Can That Donkey at the Poker Table Increase Prejudice? Investigating the Effects of Negative vs. Positive Vicarious Contact on Outgroup Attitudes
Degree GrantorUniversity of Canterbury
Degree NameMaster of Science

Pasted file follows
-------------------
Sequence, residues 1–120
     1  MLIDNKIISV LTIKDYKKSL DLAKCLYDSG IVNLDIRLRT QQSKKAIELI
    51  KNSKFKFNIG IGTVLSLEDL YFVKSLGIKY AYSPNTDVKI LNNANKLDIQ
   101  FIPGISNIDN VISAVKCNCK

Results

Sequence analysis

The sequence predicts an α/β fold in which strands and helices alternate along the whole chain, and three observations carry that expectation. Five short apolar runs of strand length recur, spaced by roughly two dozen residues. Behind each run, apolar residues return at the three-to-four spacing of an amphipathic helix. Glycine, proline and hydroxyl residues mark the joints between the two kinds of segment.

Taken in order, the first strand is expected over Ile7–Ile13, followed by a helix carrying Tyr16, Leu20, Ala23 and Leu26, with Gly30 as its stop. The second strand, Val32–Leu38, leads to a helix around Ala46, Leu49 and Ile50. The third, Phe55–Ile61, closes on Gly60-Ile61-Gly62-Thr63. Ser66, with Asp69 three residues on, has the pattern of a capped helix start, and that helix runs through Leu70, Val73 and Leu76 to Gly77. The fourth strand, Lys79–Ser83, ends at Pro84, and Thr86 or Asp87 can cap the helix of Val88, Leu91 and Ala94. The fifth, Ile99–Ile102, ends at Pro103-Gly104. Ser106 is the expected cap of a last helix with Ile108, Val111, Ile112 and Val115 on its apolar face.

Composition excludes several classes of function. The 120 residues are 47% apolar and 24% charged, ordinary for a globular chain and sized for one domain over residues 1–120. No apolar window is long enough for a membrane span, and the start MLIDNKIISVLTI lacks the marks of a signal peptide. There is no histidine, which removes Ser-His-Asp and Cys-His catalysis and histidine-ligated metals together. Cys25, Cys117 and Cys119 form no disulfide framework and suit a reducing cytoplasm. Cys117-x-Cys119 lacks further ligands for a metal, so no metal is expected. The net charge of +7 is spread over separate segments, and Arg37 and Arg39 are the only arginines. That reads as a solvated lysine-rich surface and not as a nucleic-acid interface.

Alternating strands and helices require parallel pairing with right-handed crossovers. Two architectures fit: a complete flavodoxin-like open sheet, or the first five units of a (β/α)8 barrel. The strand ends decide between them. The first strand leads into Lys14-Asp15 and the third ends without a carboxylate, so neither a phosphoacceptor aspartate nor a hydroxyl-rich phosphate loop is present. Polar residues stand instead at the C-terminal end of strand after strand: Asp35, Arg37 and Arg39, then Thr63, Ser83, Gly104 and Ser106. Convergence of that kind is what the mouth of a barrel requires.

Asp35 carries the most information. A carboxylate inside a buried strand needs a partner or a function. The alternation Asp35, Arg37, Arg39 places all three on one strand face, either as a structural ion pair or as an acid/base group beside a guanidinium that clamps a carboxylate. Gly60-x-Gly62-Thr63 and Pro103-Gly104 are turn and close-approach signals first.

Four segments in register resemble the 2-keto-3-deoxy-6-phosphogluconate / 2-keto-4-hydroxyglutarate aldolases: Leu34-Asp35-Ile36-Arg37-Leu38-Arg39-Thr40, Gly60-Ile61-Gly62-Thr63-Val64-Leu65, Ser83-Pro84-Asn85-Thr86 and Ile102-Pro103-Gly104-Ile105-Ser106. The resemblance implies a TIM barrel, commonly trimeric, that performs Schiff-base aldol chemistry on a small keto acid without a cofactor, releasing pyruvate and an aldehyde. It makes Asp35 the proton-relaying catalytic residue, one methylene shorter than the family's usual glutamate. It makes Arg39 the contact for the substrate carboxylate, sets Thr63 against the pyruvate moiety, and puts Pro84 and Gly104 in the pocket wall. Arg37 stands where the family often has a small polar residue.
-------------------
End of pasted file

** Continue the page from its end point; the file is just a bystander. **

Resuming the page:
Online poker has grown into a multibillion dollar industry, but unlike in live poker, other players do not display physical cues; in fact the only information readily available is other players’ nationality. This provides a unique opportunity to examine how intergroup attitudes can be influenced by social interactions during a game. To do so, I examined how vicariously watching negative, positive, or neutral contact between an ingroup and outgroup member at an online poker table affects ingroup and outgroup attitudes, trust, and perceived group variability. One hundred New Zealand based participants watched a video of actual online poker hands being played between a New Zealand (ingroup) and Russian (outgroup) player. Participants either saw positive, negative, or neutral contact occur between the players. Although there were no overall differences in outgroup attitudes, trust, or perceived group variability towards Russians, there was evidence of intergroup attitudes and trust when considering attitudes and trust toward Russians relative to New Zealanders. These findings suggest that merely watching positive or negative online poker interactions can affect intergroup attitudes and trust.